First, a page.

3. Don’t be afraid to take up some space – Taking up space by for example sitting or standing with your legs apart a bit signals self-confidence and that you are comfortable in your own skin.

4. Relax your shoulders – When you feel tense it’s easily winds up as tension in your shoulders. They might move up and forward a bit. Try to relax. Try to loosen up by shaking the shoulders a bit and move them back slightly.

5. Nod when they are talking – nod once in a while to signal that you are listening. But don’t overdo it and peck like Woody Woodpecker.

6. Don’t slouch, sit up straight – but in a relaxed way, not in a too tense manner.

7. Lean, but not too much – If you want to show that you are interested in what someone is saying, lean toward the person talking. If you want to show that you’re confident in yourself and relaxed lean back a bit. But don’t lean in too much or you might seem needy and desperate for some approval. Or lean back too much or you might seem arrogant and distant.

8. Smile and laugh – lighten up, don’t take yourself too seriously. Relax a bit, smile and laugh when someone says something funny. People will be a lot more inclined to listen to you if you seem to be a positive person. But don’t be the first to laugh at your own jokes, it makes you seem nervous and needy. Smile when you are introduced to someone but don’t keep a smile plastered on your face, you’ll seem insincere.

9. Don’t touch your face – it might make you seem nervous and can be distracting for the listeners or the people in the conversation.

10. Keep you head up – Don’t keep your eyes on the ground, it might make you seem insecure and a bit lost. Keep your head up straight and your eyes towards the horizon.

11. Slow down a bit – this goes for many things. Walking slower not only makes you seem more calm and confident, it will also make you feel less stressed. If someone addresses you, don’t snap you’re neck in their direction, turn it a bit more slowly instead.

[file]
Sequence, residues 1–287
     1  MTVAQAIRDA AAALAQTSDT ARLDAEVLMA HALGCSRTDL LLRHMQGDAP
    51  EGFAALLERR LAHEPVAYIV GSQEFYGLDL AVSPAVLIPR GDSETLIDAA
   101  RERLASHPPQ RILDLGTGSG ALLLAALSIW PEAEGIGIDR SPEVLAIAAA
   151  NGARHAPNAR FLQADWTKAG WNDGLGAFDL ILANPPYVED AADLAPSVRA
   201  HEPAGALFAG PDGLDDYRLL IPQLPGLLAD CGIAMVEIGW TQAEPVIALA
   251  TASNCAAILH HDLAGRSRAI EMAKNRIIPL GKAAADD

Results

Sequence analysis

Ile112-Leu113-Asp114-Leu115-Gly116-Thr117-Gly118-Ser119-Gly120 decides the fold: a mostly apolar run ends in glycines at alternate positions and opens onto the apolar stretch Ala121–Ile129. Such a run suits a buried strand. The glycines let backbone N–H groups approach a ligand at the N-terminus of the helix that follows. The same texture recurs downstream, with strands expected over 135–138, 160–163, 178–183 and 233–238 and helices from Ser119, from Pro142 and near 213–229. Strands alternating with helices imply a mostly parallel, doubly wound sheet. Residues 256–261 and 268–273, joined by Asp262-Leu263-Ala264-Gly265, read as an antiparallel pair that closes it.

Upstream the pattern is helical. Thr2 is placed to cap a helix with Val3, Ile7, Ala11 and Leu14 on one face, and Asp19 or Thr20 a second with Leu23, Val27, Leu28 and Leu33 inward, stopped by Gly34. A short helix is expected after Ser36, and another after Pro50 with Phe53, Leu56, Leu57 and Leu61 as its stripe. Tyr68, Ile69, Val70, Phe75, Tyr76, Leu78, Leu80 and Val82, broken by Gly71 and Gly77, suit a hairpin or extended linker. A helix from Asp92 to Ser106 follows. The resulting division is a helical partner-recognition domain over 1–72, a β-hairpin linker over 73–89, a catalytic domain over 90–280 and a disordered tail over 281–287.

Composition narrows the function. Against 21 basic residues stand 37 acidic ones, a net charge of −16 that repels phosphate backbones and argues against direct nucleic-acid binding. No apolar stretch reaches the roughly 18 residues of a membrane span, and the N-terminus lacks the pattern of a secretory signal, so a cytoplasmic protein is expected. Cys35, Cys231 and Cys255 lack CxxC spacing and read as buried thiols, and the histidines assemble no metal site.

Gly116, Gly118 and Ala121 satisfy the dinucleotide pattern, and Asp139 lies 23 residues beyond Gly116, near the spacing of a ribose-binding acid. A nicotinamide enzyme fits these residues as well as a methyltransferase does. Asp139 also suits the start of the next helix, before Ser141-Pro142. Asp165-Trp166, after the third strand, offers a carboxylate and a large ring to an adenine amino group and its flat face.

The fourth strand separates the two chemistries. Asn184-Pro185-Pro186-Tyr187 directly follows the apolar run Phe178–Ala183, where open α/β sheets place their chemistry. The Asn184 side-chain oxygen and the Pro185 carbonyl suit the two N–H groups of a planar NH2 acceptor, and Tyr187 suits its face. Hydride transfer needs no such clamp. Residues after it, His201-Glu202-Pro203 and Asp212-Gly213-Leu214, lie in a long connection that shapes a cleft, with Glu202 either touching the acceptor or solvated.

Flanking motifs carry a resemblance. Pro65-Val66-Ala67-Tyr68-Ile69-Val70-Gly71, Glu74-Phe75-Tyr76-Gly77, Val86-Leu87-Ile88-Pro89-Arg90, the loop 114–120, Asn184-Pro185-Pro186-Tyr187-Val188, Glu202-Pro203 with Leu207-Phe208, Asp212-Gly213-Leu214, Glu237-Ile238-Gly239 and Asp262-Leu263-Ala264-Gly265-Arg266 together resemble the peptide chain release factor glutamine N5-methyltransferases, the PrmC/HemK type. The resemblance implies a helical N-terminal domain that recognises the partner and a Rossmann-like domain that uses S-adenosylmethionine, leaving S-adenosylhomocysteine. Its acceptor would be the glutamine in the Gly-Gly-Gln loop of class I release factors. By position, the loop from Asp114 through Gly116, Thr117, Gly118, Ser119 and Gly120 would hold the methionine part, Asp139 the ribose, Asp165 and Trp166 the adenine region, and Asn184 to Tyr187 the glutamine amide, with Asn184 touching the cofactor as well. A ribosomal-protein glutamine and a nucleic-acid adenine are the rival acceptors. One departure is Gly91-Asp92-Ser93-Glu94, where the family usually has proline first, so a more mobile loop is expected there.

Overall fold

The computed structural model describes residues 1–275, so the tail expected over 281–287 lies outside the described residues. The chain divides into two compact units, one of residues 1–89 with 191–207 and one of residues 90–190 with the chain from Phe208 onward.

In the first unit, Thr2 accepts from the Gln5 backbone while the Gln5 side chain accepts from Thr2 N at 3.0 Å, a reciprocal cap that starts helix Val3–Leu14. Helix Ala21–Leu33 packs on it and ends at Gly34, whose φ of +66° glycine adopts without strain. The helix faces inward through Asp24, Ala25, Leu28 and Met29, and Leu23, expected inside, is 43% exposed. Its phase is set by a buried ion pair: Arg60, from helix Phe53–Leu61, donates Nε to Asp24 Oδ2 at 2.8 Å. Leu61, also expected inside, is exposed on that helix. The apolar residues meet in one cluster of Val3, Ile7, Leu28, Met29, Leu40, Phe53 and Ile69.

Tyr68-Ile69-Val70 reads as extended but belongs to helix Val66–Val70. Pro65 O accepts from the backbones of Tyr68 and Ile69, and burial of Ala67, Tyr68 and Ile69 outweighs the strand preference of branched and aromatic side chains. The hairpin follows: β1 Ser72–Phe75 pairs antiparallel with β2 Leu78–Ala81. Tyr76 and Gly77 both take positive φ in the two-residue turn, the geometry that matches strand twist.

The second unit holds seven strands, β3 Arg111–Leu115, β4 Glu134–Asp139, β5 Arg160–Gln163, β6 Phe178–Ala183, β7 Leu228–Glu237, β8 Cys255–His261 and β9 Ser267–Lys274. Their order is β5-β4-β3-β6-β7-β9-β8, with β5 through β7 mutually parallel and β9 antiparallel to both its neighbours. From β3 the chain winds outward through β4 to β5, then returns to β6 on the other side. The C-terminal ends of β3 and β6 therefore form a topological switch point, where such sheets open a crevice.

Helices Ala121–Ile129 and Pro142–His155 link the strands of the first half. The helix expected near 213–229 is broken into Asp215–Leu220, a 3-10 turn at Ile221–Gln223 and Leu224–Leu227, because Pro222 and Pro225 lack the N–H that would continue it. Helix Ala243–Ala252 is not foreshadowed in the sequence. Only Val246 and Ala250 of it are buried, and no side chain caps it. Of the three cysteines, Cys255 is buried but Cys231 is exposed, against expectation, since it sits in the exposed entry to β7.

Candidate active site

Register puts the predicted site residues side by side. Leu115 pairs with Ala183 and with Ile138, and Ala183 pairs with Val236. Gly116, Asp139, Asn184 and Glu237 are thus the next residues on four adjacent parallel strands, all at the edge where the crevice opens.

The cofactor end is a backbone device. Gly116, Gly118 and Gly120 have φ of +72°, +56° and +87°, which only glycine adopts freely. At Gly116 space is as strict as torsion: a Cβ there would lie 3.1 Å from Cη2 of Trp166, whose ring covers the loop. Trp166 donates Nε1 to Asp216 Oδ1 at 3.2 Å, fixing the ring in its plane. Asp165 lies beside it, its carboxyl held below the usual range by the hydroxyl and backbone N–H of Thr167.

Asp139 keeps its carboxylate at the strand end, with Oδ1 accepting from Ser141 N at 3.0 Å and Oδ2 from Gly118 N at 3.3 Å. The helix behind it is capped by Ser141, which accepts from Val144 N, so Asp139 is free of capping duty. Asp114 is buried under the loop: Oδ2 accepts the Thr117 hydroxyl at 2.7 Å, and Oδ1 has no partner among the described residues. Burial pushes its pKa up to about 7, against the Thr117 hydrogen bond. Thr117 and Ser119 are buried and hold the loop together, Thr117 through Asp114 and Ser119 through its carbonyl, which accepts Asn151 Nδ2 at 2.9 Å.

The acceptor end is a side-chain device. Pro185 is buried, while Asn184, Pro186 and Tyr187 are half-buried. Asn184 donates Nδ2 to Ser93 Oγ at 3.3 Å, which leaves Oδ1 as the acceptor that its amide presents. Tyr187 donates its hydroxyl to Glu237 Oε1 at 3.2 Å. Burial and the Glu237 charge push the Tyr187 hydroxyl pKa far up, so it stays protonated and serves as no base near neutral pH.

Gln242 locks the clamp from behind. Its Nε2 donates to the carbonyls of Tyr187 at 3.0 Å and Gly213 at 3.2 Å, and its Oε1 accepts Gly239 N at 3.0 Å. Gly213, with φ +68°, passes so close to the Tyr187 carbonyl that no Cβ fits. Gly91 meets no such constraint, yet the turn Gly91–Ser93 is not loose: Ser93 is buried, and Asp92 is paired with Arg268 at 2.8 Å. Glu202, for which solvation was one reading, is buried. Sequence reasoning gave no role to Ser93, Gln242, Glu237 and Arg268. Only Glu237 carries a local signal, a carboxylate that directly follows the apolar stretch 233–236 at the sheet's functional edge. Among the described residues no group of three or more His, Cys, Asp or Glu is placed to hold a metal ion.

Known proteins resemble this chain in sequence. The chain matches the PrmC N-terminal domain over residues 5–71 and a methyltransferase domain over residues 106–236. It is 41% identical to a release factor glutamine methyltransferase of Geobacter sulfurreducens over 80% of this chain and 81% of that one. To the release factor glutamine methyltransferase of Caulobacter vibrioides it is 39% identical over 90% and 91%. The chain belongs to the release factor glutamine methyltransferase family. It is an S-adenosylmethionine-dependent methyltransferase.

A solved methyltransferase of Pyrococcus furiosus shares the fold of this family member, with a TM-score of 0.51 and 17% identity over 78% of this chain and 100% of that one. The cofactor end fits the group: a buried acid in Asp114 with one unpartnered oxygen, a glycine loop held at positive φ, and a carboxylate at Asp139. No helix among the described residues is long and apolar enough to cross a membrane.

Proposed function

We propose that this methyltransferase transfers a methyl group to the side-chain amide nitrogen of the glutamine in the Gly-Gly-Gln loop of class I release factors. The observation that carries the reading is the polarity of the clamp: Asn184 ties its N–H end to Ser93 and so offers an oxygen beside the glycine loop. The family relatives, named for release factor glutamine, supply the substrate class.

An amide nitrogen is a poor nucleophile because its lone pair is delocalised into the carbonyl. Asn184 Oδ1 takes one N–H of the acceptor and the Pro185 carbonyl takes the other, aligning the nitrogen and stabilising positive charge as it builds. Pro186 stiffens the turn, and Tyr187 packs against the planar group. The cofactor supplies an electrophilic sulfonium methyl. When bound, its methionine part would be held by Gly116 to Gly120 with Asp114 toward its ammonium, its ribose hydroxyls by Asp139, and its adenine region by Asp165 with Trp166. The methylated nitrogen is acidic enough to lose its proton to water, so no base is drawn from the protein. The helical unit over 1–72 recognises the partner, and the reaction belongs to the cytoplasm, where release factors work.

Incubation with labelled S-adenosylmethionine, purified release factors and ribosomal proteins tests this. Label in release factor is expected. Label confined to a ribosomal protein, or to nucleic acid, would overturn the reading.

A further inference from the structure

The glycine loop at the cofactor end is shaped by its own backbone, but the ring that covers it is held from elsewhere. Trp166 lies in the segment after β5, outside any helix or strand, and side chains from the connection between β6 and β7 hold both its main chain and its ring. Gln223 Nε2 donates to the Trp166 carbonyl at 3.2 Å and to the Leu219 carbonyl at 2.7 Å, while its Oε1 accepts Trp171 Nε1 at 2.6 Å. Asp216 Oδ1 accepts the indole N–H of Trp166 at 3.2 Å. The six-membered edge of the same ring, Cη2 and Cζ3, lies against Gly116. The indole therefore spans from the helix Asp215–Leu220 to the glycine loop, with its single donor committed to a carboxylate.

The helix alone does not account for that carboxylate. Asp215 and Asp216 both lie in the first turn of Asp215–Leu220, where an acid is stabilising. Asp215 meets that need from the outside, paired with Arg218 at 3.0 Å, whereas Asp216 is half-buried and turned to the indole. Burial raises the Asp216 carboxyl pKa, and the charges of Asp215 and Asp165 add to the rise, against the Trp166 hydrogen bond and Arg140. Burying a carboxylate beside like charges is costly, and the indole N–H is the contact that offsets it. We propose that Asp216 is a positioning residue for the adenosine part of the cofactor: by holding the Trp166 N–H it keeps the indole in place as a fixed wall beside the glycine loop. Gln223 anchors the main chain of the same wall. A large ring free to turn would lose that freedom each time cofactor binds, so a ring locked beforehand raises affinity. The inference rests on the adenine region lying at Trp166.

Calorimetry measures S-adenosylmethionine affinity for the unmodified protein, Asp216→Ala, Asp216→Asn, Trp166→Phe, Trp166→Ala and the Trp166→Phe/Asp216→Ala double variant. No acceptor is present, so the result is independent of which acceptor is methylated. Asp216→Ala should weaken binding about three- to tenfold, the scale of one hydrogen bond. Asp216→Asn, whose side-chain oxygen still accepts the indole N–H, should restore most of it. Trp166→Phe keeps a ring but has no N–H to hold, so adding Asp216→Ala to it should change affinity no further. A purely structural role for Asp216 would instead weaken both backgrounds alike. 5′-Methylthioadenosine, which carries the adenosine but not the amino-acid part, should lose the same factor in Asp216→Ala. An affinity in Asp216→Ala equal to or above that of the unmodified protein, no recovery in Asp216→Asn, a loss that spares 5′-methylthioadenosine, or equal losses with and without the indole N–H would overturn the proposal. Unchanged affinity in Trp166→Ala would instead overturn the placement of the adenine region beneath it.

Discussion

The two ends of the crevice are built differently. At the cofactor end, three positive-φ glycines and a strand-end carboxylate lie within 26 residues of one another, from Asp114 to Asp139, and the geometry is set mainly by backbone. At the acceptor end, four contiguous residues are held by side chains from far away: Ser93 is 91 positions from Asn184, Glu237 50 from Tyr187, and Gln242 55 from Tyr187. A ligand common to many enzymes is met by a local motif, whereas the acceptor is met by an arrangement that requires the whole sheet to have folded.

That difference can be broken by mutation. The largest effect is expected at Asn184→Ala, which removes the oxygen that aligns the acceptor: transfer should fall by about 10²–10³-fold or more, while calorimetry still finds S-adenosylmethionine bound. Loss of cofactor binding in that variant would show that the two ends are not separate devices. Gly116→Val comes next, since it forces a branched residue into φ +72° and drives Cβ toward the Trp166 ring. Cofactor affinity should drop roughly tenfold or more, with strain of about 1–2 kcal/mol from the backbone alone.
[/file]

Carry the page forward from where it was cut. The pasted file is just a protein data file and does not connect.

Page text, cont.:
12. Don’t fidget – try to avoid, phase out or transform fidgety movement and nervous ticks such as shaking your leg or tapping your fingers against the table rapidly. You’ll seem nervous and fidgeting can be a distracting when you try to get something across. Declutter your movements if you are all over the place. Try to relax, slow down and focus your movements.

13. Use your hands more confidently – instead of fidgeting with your hands and scratching your face use them to communicate what you are trying to say. Use your hands to describe something or to add weight to a point you are trying to make. But don’t use them to much or it might become distracting. And don’t let your hands flail around, use them with some control.

 

14. Lower your drink – don’t hold your drink in front of your chest. In fact, don’t hold anything in front of your heart as it will make you seem guarded and distant. Lower it and hold it beside your leg instead.

 

15. Realise where you spine ends – many people (including me until recently) might sit or stand with a straight back in a good posture. However, they might think that the spine ends where the neck begins and therefore crane the neck forward in a Montgomery Burns-poseYour spine ends in the back of your head. Keep you whole spine straight and aligned for better posture.

 

16. Don’t stand too close –one of the things we learned from Seinfeld is that everybody gets weirded out by a close-talker. Let people have their personal space, don’t invade it.

 

17. Mirror – Often when you get along with a person, when the two of you get a good connection, you will start to mirror each other unconsciously. That means that you mirror the other person’s body language a bit. To make the connection better you can try a bit of proactive mirroring. If he leans forward, you might lean forward. If she holds her hands on her thighs, you might do the same. But don’t react instantly and don’t mirror every change in body language. Then weirdness will ensue. :)

 

18. Keep a good attitude – last but not least, keep a positive, open and relaxed attitude. How you feel will come through in your body language and can make a major difference. For information on how make yourself feel better read 10 ways to change how you feel and for relaxation try A very simple way to feel relaxed for 24 hours.

 

You can change your body language but as all new habits it takes a while. Especially things like keeping you head up might take time to correct if you have spent thousands of days looking at your feet. And if you try and change to many things at once it might become confusing and feel overwhelming.

 

Take a couple of these body language bits to work on every day for three to four weeks. By then they should have developed into new habits and something you’ll do without even thinking about it. If not, keep on until it sticks. Then take another couple of things you’d like to change and work on them.